Embedded payments can transform the way business is done. Here co-CEOs of Enfuce, Denise Johansson and Monika Liikamaa, tell us why they believe it’s time for this fintech innovation to get full credit and explain how diversity can drive the industry forward
Fintech is traditionally dominated by men, but Enfuce leads the way with two female co-CEOs. How is diversity moving the industry forward?
It’s all about having role models. For those growing up today, you want to see that, as a female, you can be a bank CEO or head a financial start-up or challenger. But it’s bigger than that too; it’s about delivering diversity of all kinds. The mindset should be anyone can become anything. Monika and I, as female founders in finance, want to support and encourage everyone and show there are no limitations. By encouraging and ensuring diversity among fintech leaders from all different backgrounds and different parts of the world, you gain diversity of thinking to create new services that solve new problems across the industry.
Why are embedded payments so important?
Anyone who generates transactions at some level will need to use embedded payments if they want to provide a great service in the future. Funds move directly between the two parties digitally without needing a plastic card. The service provider can either choose to give the transaction insight and revenue to other third parties, or take this opportunity to own their transaction flows and reduce the fees they pay.
What problems will embedded payments go on to solve?
Mobility is a growing area. For example, a single app could allow tourists to access all the various payment methods and apps now needed to travel in cities on trains, tubes, metros, and buses – or to pay for electric charging and parking spaces if in a car. Embedded payments would link into all these individual services and users then pay from one place via top-up credit.
What are the key challenges right now for embedded payments?
This technology is now a hot topic within fintech; it’s not a buzzword. As more digital services are developed, this method offers a user-friendly, accessible, and attractive proposition for transacting. Originally fintech was just expense management and lending and then came the digital banks. Now we have the likes of mobility, crypto, and payroll tech, plus many more emerging verticals, and those working within these might not have an extensive background in the traditional financial industry. If embedded payment technology is the right direction for them, partnering with a service provider might be the better option rather than developing this area themselves.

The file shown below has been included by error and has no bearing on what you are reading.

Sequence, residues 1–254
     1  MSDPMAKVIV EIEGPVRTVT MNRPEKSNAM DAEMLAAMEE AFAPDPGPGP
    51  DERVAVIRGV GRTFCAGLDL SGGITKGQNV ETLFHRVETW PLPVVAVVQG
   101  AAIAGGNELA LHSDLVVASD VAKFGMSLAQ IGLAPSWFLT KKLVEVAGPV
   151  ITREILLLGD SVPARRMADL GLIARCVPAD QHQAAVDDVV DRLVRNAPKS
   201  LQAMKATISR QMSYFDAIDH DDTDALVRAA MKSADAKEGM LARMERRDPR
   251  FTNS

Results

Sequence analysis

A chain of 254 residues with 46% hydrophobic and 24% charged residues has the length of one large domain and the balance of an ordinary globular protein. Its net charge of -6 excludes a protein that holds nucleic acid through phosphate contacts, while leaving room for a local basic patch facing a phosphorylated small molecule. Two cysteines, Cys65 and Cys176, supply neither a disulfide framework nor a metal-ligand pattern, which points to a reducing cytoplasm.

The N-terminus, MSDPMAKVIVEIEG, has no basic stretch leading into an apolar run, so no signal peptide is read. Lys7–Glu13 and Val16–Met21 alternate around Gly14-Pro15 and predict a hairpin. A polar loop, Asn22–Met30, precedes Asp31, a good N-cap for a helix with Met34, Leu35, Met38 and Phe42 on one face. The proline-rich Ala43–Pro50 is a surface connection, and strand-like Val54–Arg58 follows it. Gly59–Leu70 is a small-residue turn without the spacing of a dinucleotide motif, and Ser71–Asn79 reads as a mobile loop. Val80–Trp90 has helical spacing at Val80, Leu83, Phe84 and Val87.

How do you see embedded payments developing over the next five years?
Sustainability will have a huge influence. We are going to own less and rent more, from cars to clothes, and embedded payments will be central to pay for those services quickly and easily. This method is also becoming vital within developing countries where populations are skipping the traditional evolution from cash to plastic payment cards. They are moving straight to digital wallets and embedded payments because as telco infrastructure improves, more apps are launched, and digital embedded payments become the norm.
What advice do you have for business leaders looking to adopt embedded payments?
It is important to work with a company who puts your business goals at the centre of any suggested solution. Usability is what it’s all about; reducing the clicks to make a payment, and most companies won’t have the dedicated knowledge or technical skills. It is also critical to ensure all payments are compliant with local and international laws and regulations to protect the business and its end users. A trusted partner has this expertise, allowing leaders to stick to their core business and not need to be experts themselves.
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